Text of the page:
Asbestos Exposure and Your Health
What is asbestos?
Asbestos is a group of six natural mineral fibers. These fibers are known for their strength and fire- and chemical-resistant properties. Because of these qualities, the manufacturing and building industries have used asbestos to:
- Strengthen cement and plastics.
- Provide insulation.
- Fireproof buildings, textiles and military vehicles.
- Absorb sound.
Asbestos fibers may be white, blue, brown, gray or green. The white fibers, called chrysotile, are the most commonly used in the United States.
What products contain asbestos?
Asbestos has been mined and used in North America since the late 1800s. During World War II, manufacturers starting using it more. Asbestos is in thousands of products, including building products such as:
- Asbestos and cement shingles, siding and roofing.
- Casings for electrical wires.
- Patching and joint compound.
- Pipe, duct and furnace insulation.
- Floor tile and adhesives.
- Soundproofing material.
Many household products and substances also contain asbestos, including:
- Artificial ashes and embers used in gas-fired fireplaces.
- Automobile brake pads and linings, clutch facings and gaskets.
- Fireproof gloves, stovetop pads, table pads and fire-resistant fabrics (including blankets and curtains).
- Some plastics, paints, coatings and adhesives.
- Vermiculite-containing attic insulation and consumer garden products.
How does asbestos affect my health?
Asbestos fibers are not harmful unless they are released into the air. When they are released, the fibers break down into tiny particles. The particles become airborne, and we inhale them. Then they collect in the lungs, causing scarring and inflammation. Several U.S. health organizations have classified asbestos as a carcinogen, a cancer-causing substance.
Exposure to asbestos can increase the risk of developing:
- Lung cancer.
- Asbestosis, which causes permanent lung damage.
- Mesothelioma, a rare cancer of the chest and stomach lining.
- Cancer of the gastrointestinal tract, kidney and throat (larynx or oropharynx).
- Scarring of the lung lining.
- Pleural effusions, when fluid collects around the lungs.
Is it legal to use asbestos in building material?
Since the late 1970s, the United States has passed regulations limiting asbestos use. These regulations:
- Ban asbestos use in situations where it could be released into the air (like in gas fireplaces).
- Require regular inspections to make sure asbestos materials are intact and undamaged.
- Establish guidelines to ensure asbestos particles aren’t released during use.
Many products — especially buildings built before the regulations — contain asbestos. However, overall there has been a significant decline in the use of asbestos in the United States.
Who is at risk of asbestos exposure?
Everyone has some level of asbestos exposure. There are low levels of asbestos in the air, water and soil. However, these levels are low enough that they do not make people ill.
People who have worked directly with asbestos have the highest risk of developing asbestos-related diseases. Occupations that have a high risk of asbestos exposure include:
- Shipbuilding and naval service.
- Railway construction.
- Asbestos mining and milling.
- Construction and building trades.
- Manufacture of chemicals, flooring, plastics or rubber.
- Auto industry (specifically brake repair).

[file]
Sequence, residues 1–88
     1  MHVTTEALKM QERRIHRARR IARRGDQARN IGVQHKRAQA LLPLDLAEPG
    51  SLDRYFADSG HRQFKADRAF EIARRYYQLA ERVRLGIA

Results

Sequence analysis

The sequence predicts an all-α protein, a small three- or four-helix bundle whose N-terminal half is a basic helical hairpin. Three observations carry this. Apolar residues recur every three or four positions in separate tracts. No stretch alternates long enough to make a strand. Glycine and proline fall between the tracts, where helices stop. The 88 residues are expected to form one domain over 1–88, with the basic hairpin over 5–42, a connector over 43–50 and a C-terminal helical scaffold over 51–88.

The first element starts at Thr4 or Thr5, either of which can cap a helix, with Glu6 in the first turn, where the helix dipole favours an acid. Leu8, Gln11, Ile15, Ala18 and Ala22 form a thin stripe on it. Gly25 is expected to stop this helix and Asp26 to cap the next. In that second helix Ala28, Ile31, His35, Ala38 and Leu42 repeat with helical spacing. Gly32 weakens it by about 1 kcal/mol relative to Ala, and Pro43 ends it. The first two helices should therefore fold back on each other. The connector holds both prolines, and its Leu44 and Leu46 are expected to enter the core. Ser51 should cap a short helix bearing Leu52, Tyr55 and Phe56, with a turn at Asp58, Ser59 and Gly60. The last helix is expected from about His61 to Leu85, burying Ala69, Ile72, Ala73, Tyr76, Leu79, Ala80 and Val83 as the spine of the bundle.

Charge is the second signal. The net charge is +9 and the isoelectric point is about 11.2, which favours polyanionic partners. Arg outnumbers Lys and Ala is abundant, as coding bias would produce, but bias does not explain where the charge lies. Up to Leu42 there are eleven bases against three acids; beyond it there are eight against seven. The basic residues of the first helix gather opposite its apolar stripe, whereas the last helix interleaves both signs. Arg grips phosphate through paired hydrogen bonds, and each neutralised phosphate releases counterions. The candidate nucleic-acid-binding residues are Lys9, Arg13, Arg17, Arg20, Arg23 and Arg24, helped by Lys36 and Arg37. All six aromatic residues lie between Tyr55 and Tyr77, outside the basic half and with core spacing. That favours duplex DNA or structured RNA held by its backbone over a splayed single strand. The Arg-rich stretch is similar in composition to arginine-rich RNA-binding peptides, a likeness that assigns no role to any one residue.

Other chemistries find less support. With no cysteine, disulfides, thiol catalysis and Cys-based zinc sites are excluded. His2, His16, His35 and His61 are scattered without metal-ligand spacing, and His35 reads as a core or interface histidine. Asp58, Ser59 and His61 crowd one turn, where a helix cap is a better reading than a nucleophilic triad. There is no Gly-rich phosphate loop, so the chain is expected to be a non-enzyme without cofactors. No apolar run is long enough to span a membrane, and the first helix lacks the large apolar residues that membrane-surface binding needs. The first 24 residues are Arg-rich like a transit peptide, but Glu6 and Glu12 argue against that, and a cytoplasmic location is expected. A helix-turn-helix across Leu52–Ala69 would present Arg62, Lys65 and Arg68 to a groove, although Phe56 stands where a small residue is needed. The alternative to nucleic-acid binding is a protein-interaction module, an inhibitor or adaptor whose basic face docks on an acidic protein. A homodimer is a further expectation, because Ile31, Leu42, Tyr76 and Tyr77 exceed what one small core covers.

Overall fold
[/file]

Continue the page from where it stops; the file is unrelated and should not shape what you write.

- Fabric milling.
- Building demolition.
Those who were involved in rescue, recovery and cleanup at the site of the 9/11 terror attacks in New York City are at higher risk for developing asbestos-related diseases.
What else increases the risk of asbestos related disease?
Not everyone exposed to asbestos develops an illness. In general, the longer your exposure, the higher your risk. But even if you only had brief exposure to asbestos, you still have a risk of developing a disease.
Factors that affect your risk of developing asbestos-related disease:
- Duration: How long you were exposed to the asbestos.
- Intensity: How much asbestos you were exposed to.
- Type of industry: Lower risk if asbestos is bonded into a product (such as walls or tiles); higher risk if asbestos is released into the air, such as during sawing or drilling.
- Personal risk factors: Smoking or pre-existing lung disease.
- Genetic mutations: Gene change that makes it more likely you’ll develop a disease.
How common is asbestos-related disease?
According to the National Cancer Institute, millions of Americans have had asbestos exposure since the 1940s.
- Around 3,000 Americans receive a mesothelioma diagnosis every year. About 90% of mesothelioma cases are due to asbestos exposure.
- Of all the conditions caused by asbestos, asbestos-related lung cancer causes the most deaths, followed by mesothelioma.
What causes asbestos-related disease?
Asbestos-related conditions result from exposure to tiny asbestos fibers that collect in the lungs. The longer you were exposed to asbestos and the more intense the exposure, the higher your chances of developing a related condition. Working with asbestos-containing materials is the main cause. People who laundered clothing containing asbestos fibers or live in areas with high levels of airborne asbestos are also at risk.
What are the symptoms of asbestos-related diseases?
You may have no symptoms until years after exposure. People who develop asbestos-related disease may be symptom-free for as long as 10 to 40 years after exposure. If you have any of these symptoms, see your healthcare provider:
- Shortness of breath.
- Development of a cough or a change in cough patterns.
- Blood in the fluid (sputum) coughed up from the lungs.
- Pain in the chest or abdomen.
- Difficulty in swallowing or prolonged hoarseness.
- Significant weight loss.
- Neck or face swelling.
- Loss of appetite.